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A designer’s guide to lighting outdoor social areas

This week, Pro Landscaper picks the brain of Sian Parsons, senior designer at John Cullen Lighting to discover the intricacies of lighting outdoor social areas, and how it is best executed.


Sian Parsons

What are some of the options available to light an outdoor social area?

“The best outdoor social area lighting is one that gives you atmosphere and fun,” Sian says. “Stringing up external fairy lights can look beautiful, either in waves overhead, hanging in trees or simply wrapped around tree trunks.

“It’s also worth considering low level washes under fixed benches or tables to add a glow, or step indicator lights for safety – perfect for a low and moody feeling,” Sian explains.

When asked about how to utilise planting around these social areas, Sian continues: “Spiked uplights to mid-sized trees around the decking or paved area can create height and drama and give depth to the external space, rather like lamps in a living room.”


How can lighting best be used to work around adverse environmental conditions?

As all external lighting is stipulated to have an Ingress Protection (IP) rating applicable to the circumstances, safety is not a concern should regulations be followed. Sian says: “Lighting near or submerged in water must have the highest protection rating, as will anything in a marine environment.

“It’s always worth gently wiping down any light fittings once a year or so, to prevent any dirt build up from interfering.

As outdoor heaters are common in garden social spaces, Sian dispels the notion that they will greatly impact lighting designs. “Outdoor heaters shouldn’t adversely affect any light fittings, although LEDs don’t like to be near to heat as it degrades the chip, provided they’re kept a short distance away, there won’t be any issues.”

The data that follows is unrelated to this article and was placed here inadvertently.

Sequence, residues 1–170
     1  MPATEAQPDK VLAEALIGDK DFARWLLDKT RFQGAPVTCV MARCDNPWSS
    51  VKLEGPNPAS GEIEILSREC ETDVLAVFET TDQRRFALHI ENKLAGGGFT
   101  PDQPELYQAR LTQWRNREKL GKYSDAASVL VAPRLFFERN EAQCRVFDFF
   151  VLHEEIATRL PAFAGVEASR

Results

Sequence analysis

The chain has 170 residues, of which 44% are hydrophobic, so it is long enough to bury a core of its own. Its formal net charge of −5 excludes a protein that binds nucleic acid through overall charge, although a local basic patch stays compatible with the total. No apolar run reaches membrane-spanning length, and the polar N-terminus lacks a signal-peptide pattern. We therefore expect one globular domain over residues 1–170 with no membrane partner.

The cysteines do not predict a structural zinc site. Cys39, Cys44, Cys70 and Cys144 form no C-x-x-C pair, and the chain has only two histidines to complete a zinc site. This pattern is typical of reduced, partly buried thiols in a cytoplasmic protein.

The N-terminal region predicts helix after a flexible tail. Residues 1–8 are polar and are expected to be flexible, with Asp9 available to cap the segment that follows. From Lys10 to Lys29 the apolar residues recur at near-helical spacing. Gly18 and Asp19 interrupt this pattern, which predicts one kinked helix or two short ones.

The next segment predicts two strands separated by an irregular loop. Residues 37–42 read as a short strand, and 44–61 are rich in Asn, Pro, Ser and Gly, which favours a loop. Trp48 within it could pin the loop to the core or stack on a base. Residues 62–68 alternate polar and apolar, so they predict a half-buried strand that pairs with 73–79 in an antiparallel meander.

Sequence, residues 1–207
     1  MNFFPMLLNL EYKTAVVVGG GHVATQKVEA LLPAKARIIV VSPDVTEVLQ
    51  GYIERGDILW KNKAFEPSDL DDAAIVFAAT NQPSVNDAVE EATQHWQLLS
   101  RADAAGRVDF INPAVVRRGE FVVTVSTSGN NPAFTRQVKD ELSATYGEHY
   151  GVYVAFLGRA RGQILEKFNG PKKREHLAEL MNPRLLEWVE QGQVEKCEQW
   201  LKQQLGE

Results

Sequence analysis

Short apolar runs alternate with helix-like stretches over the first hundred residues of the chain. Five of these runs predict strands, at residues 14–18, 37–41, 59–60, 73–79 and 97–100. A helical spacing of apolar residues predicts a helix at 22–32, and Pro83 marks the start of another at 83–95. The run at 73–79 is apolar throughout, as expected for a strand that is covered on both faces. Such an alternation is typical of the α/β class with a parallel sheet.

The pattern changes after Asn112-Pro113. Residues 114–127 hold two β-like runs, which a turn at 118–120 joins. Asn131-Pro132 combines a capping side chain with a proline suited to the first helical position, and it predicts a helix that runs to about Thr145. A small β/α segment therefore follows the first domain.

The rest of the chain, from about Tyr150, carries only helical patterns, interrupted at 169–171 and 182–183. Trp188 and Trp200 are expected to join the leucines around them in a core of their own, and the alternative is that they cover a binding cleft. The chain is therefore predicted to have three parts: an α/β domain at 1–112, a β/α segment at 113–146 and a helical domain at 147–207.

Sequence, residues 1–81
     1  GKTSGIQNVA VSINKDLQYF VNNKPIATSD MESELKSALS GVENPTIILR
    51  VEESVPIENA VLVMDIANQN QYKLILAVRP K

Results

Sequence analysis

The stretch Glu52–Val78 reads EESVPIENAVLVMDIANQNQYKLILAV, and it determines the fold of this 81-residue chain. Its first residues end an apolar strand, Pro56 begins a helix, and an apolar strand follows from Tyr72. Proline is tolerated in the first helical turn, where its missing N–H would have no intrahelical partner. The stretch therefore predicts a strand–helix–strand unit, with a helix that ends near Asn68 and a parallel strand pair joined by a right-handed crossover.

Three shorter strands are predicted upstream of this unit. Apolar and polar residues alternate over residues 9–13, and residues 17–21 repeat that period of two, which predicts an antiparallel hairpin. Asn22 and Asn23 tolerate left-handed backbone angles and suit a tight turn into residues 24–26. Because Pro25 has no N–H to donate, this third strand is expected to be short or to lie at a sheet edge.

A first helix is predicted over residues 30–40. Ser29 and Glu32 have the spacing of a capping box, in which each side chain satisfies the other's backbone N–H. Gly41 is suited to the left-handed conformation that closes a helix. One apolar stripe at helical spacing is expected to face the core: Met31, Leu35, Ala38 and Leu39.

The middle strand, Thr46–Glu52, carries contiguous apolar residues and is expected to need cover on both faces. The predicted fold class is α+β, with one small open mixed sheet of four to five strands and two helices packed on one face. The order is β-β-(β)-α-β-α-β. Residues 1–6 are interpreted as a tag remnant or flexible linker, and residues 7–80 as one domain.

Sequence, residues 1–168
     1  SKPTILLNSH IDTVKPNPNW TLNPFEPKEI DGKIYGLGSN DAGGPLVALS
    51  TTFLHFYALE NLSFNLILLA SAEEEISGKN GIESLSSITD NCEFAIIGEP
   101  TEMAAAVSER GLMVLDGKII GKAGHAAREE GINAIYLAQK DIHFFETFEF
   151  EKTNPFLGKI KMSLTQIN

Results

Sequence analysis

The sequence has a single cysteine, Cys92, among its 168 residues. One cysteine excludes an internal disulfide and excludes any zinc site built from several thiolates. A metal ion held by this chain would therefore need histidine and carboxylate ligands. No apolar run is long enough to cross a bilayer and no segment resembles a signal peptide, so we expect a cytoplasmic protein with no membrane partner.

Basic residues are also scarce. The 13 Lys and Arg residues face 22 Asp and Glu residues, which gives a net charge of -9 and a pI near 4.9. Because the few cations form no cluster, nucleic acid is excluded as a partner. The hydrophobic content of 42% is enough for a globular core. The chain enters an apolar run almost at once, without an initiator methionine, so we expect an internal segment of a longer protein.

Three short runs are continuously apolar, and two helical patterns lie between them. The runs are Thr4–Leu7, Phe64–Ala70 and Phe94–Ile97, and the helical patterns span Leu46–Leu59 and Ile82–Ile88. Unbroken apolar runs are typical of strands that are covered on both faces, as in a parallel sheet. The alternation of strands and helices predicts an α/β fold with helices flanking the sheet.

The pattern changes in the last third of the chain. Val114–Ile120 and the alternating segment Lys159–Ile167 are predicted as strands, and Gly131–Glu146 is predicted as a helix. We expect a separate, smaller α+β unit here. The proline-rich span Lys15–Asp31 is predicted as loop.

How can outdoor lighting be made as discreet as possible?

With many clients after a sleek design, without any unsightly wires, Sian takes us through how to keep a lighting scheme discreet.

60w Garden – John Cullen Lighting

“The most discreet outdoor lighting options employ all of the qualities of discreet indoor fittings. Choose products that disappear into planting with green or black finishes, as well as those where the actual light source is hidden from view,” she explains.

When asked what fittings would be best suited to these situations, Sian says: “This is where spiked options really come into their own. They can be hidden amongst the greenery with cowled heads so that the light projects just onto the feature plant making for a very discreet feel.”

“Or, consider floor recessed uplights to a wall for a back drop of light. Any light source concealed from view in joinery or washing paths can invoke a real indoor-outdoor living room feeling,” she concludes.


What lighting would you recommend around planted areas to allow for adjustments based upon the season?

“As planting ebbs and flows seasonally, spiked fittings offer the most versatility,” Sian begins. “Although there is a power feed to the spike, it can be pulled up and repositioned to give best effect to the current planting.”

As the UK has fairly strong seasonal variations in terms of daylight, Sian recommends some tips on light intensity and warmth. “It’s best to keep light sources between 2400 – 2700 kelvin – colour temperature of the white. This keeps the lighting warm in tone, which adds to the atmosphere when in the garden, as cooler tones are harsher and less welcoming.


Which landscaping elements should be carefully considered when designing a lighting scheme?

“It’s definitely worth considering the hard landscapes of the garden to help with the lighting,” Sian tells us. “Brick facades look beautiful when floor recessed uplights pick up on the texture, screens can help create pockets to a social area which when backlit create depth, and any overhanging tresses or pergolas can create focal points to pick up on.”

“Do consider that backlighting sets objects into silhouette which can help create drama, whilst front lighting is best for textures and softness.”

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